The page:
Kevin C. Cox/Getty Images

Attention Shaquille O'Neal: Kobe Bryant is coming for you.

Bryant scored three straight free throws with 2:05 remaining in the second quarter of the Los Angeles Lakers' 101-87 win against the Atlanta Hawks on Tuesday to give him 27,410 points for his career, moving him past Moses Malone for sixth place on the NBA's all-time scoring list.

"It feels good," Bryant said after finishing with 26 points on 8-of-18 shooting. "I'm just very fortunate, that's all."


Kent Smith/NBAE/Getty Images

Our regular run-down of Kobe sightings in the digital sphere:

• The Atlanta Journal-Constitution's Jeff Schultz reports that the Hawks have started selling opponents' gear on gamedays at Phillips Arena. Guess who had gear on display before Tuesday's Hawks-Lakers game? Yes, one Kobe Bryant -- who had all of his t-shirts sell out midway through the game, Schultz reported. He also asked Atlanta guard Jamal Crawford what he thought about it:

"In the arena? Are you serious? Unbelievable," Crawford said."

• Tennis star Novak Djokovic recently hung out with Kobe before the Indian Wells ATP event in Los Angeles, a Serbian news site passes along -- with a picture of the two athletes together. Djokovic is currently ranked third in the world behind Rafael Nadal and Roger Federer.

• Much was made about the Boston Celtics trading away center Kendrick Perkins at the deadline and giving up one of their biggest defensive advantages on the Lakers with that deal, but Boston may have acquired another defensive specialist in former Mavs swingman Sasha Pavlovic, the Boston Herald's Steve Bulpett reports. And Bulpett adds that Pavlovic might be just the player to stop Kobe if the Celtics end up facing the Lakers in the playoffs.

• The Sporting News' Marcus DeNitto reports that, with Orlando's Dwight Howard getting the NBA's first one-game suspension after 16-technicals penalty of the season, star players are called for technicals a lot more than non-stars are. He uses Kobe, who's approaching that 16-technical number, as an example:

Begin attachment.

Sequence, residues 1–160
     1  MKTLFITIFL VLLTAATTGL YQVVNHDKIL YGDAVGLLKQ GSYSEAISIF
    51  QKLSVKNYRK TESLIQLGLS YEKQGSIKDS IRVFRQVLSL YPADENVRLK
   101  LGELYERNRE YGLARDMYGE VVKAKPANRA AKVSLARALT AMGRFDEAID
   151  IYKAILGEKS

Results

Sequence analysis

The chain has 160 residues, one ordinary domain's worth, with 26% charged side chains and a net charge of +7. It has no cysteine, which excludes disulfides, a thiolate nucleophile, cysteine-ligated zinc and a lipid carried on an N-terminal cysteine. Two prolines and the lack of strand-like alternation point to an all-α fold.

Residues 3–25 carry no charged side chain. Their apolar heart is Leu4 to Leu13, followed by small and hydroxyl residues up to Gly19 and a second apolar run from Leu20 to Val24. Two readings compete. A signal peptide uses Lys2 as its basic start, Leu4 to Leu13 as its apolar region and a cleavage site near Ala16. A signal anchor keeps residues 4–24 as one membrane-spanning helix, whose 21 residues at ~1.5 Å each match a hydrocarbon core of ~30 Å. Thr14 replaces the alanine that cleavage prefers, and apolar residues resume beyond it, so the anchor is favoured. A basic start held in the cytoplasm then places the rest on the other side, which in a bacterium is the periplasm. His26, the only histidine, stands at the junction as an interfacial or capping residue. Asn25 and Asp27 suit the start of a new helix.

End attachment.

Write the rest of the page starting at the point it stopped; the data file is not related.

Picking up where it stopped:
"Guys like LeBron James and Kobe Bryant, the thinking goes, get to the free throw line more often than other players not only because they are more skilled and more aggressive, but also because referees tend to call fouls in their favor," DeNitto writes. "A quick look at the league leaders in technical fouls, however, shows that this notion does not hold true when it comes to refs dishing out technical fouls."

-- Pedro Moura

D. Clarke Evans/NBAE/Getty Images

Our regular run-down of Kobe sightings in the digital sphere:

• Speaking on 710-ESPN's Max and Marcellus show Monday, Kobe expressed his belief that every team has issues at this late juncture in the season -- and for that reason, in Bryant's mind, it's not a big deal that a couple Heat players were reportedly crying after they lost to the Chicago Bulls on Sunday:

"If guys are crying in the locker room, guys are crying in the locker room," Bryant said. "That doesn't mean they're chumps. That doesn't mean they're soft. It doesn't mean anything."
• In a ESPN First & 10 appearance Monday morning, analyst Skip Bayless refuted host Jay Crawford's claim that Chicago Bulls point guard Derrick Rose is the new MVP front-runner, arguing that Kobe is the right choice at this point in the season.

• The Orange County Register's Janis Carr counts Kobe among sports' biggest crybabies, a slideshow inspired by Miami Heat coach Spoelstra's Sunday comments that some of his players were crying in the locker room following their loss to Chicago. Other inclusions on the list include Alex Rodriguez, Brett Favre and two Boston Celtics.

•'s Fran Blinebury opines that the Lakers are getting their groove back just at the right time. And it's not hard to imagine, he says, a scenario in which L.A. goes on to win its third straight title -- not with Kobe playing so well,not with the team's defense working so well, and not with Andrew Bynum fitting in perfectly with the squad. Blinebury asked Bryant about Bynum's influence: